You’ve asked, and Tap Poet has delivered! Bringing you unique and creative poems about healing from sickness in…

Poems About Justice And Truth: Unique 100% Royalty-Free Poetry

You’ve asked, and Tap Poet has delivered! Bringing you unique and creative poems about justice and truth in…

Short Poems About Unrequited Love: Maya Angelou, Shakespeare, Sylvia Plath-Inspired FREE Poetry

You’ve asked, and Tap Poet has delivered! Bringing you unique and creative short poems about unrequited love in…

Poems About Sadness And Loneliness: Maya Angelou, Shakespeare, Sylvia Plath-Inspired FREE Poetry

You’ve asked, and Tap Poet has delivered! Bringing you unique and creative poems about sadness and loneliness in…

Poems About Cars And Love: Unique 100% Royalty-Free Poetry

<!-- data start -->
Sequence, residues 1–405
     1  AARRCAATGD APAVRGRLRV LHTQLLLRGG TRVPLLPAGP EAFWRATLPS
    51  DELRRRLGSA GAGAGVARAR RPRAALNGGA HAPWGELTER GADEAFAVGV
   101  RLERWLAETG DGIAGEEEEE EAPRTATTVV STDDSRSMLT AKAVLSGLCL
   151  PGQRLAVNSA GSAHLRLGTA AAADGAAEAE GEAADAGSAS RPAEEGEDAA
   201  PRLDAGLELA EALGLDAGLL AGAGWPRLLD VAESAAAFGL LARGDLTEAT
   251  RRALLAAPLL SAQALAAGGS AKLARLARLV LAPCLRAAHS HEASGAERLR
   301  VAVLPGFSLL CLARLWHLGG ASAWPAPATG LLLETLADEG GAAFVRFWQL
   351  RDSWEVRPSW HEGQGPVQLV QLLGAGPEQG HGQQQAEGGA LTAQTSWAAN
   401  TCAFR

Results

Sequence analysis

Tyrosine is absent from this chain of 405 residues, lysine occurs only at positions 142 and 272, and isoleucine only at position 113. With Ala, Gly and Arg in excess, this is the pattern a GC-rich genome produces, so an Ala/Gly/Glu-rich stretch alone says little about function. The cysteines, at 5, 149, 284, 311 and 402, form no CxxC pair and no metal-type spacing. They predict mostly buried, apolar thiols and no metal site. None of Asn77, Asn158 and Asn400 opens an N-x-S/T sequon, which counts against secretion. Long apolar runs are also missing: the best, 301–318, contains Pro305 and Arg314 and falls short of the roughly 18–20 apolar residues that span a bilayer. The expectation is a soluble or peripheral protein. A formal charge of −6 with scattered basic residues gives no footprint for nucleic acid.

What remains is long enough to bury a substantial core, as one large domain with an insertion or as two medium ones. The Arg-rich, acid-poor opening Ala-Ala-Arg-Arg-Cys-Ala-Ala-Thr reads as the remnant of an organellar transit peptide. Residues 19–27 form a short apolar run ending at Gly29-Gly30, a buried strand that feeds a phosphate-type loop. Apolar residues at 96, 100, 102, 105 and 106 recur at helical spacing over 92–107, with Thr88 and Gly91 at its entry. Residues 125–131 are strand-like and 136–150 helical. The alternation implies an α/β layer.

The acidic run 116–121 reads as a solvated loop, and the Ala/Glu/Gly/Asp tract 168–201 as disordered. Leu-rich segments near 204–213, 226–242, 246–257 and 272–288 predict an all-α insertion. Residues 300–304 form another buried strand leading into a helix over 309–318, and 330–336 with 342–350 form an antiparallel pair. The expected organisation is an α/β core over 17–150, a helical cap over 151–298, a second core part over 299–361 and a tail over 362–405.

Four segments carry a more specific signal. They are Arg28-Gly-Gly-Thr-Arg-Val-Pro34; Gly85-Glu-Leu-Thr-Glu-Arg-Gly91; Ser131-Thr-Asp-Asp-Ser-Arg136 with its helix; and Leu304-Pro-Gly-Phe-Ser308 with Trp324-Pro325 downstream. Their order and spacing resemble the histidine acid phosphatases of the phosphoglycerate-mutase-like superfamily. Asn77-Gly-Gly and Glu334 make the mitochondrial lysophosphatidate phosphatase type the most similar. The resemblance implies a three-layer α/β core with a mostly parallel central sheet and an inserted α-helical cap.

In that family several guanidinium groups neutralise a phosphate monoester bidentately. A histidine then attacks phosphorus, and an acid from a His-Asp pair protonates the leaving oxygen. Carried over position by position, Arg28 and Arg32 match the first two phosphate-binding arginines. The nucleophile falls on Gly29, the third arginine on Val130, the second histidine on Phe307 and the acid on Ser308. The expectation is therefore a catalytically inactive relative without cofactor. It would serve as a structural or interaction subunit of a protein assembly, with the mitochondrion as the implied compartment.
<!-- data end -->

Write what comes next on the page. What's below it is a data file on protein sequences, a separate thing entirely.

You’ve asked, and Tap Poet has delivered! Bringing you unique and creative poems about cars and love in…

Leave a Reply Cancel reply

Your email address will not be published. Required fields are marked *

Save my name, email, and website in this browser for the next time I comment.



Editorial »

The poetry quiz, are you a poetry master dare to take the ultimate poetry challenge don't be so shy — our fun poetry quiz presents questions and answers on old and modern poetry to help test and enrich your knowledge., share your thoughts about our poetry quiz with the community:, 126 comments.


Report Comment

We're doing our best to make sure our content is useful, accurate and safe. If by any chance you spot an inappropriate comment while navigating through our website please use this form to let us know, and we'll take care of it shortly.